Marvel Kills Peter Parker, But Spider-Man Will Live On (Sort Of)

The Amazing Spider-Man #700 is the final issue of the series.
AP/Marvel Comics

Originally published on Sun December 30, 2012 6:47 pm

All good things must come to an end, and so it is with Marvel Comics' web-slinging, wise-cracking superhero. Spider-Man is no more. Well, to be more precise, Peter Parker is no more.

In the 700th and final issue of The Amazing Spider-Man, writer Dan Slott's controversial story saw Spider-Man's mind switched with that of his dying arch-foe Dr. Otto Octavius, aka Doctor Octopus. The twist is that with his final effort, Spidey was able to give all of his memories and morals to his body-stealing enemy.

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Movie Interviews
12:49 pm
Fri December 28, 2012

Tarantino On 'Django,' Violence And Catharsis

Calvin Candie (Leonardo DiCaprio), a slave owner, holds Django's wife captive.
Andrew Cooper The Weinstein Company

Originally published on Fri December 28, 2012 3:06 pm

In Quentin Tarantino's new film, Django Unchained, Jamie Foxx plays the title character, a freed slave turned bounty hunter searching for his wife and their plantation tormentors.

As is the case with all of Tarantino's films, Django Unchained is incredibly violent. We spoke to the director before the school shootings in Newtown, Conn., and before critics had taken him to task for the film's brutality. The film also is being debated for the way it brings humor to the story of slavery.

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Monkey See
10:58 am
Fri December 28, 2012

Pop Culture Happy Hour: Our Very First Live Show

NPR
  • Listen to Pop Culture Happy Hour

It's been a holiday week here at the old PCHH studios (I'm just kidding, that's completely not a thing), but we've got good news: we're offering the audio of our live show, which we recorded on December 15, in front of an incredibly patient and kind crowd.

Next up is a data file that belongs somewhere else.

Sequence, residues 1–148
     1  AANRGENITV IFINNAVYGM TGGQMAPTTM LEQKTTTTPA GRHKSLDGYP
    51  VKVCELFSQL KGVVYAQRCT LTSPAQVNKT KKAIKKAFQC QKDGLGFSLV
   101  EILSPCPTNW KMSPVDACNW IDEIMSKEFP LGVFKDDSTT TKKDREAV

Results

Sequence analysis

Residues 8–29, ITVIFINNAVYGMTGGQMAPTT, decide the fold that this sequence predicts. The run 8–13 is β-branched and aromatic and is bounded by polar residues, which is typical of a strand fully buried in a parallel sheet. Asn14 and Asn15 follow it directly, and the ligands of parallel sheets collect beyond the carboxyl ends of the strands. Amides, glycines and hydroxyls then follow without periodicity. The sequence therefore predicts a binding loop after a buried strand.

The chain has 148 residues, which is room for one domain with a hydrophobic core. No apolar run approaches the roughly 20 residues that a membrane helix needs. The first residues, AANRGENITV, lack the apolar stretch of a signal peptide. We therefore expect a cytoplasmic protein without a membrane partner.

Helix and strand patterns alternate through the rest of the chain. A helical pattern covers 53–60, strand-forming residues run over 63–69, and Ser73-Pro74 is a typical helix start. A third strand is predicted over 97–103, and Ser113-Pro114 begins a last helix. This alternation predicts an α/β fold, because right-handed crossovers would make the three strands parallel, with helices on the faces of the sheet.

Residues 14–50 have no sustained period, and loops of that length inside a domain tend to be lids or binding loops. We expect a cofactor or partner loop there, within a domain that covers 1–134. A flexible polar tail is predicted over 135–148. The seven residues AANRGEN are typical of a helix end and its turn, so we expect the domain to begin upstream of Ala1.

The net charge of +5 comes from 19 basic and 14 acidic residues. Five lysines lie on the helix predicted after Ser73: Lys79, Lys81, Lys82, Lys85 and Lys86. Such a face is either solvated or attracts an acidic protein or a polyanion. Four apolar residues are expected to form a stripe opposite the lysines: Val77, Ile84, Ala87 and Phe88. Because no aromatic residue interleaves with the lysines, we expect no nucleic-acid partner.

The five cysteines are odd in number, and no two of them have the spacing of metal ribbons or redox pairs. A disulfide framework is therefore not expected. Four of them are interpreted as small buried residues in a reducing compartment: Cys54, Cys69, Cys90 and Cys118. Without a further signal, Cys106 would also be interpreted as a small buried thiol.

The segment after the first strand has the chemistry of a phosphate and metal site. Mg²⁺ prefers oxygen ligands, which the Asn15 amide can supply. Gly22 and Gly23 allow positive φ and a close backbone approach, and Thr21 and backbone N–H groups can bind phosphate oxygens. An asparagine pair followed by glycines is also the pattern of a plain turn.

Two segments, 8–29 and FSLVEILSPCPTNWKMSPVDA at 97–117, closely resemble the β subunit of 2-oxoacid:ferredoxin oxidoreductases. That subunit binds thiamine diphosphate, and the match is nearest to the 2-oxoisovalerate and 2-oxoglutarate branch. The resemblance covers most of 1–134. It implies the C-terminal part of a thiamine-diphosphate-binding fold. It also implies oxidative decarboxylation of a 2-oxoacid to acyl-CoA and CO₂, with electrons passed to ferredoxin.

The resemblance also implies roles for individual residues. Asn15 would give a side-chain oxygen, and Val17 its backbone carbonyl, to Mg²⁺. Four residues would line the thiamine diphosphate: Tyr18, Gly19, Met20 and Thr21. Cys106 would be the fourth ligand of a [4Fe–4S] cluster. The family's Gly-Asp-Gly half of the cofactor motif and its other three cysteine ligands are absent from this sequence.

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Around the Nation
10:08 am
Fri December 28, 2012

Is Kwanzaa Still A Thing?

Originally published on Fri December 28, 2012 11:02 am

Transcript

MICHEL MARTIN, HOST:

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Hardcover Nonfiction Bestsellers
10:03 am
Fri December 28, 2012

NPR Bestsellers: Hardcover Nonfiction, Week Of December 27, 2012

At No. 6, Wild traces author Cheryl Strayed's crisis after her mother's death and a bitter divorce.

Pop Culture
9:48 am
Fri December 28, 2012

Colbert On Musical Moments And 'America Again'

Originally published on Fri December 28, 2012 2:23 pm

Transcript

DAVID BIANCULLI, HOST:

This is FRESH AIR. I'm David Bianculli of the website TV Worth Watching, sitting in for Terry Gross. This week we've been revisiting some of our favorite interviews of 2012, and we conclude the week by presenting two more: Terry's visits with Stephen Colbert and Doris Day.

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Movie Interviews
9:48 am
Fri December 28, 2012

Doris Day: A Hollywood Legend Reflects On Life

Doris Day will celebrate her 88th birthday on Tuesday, April 3.
Sony Picture Archives

Originally published on Fri December 28, 2012 2:23 pm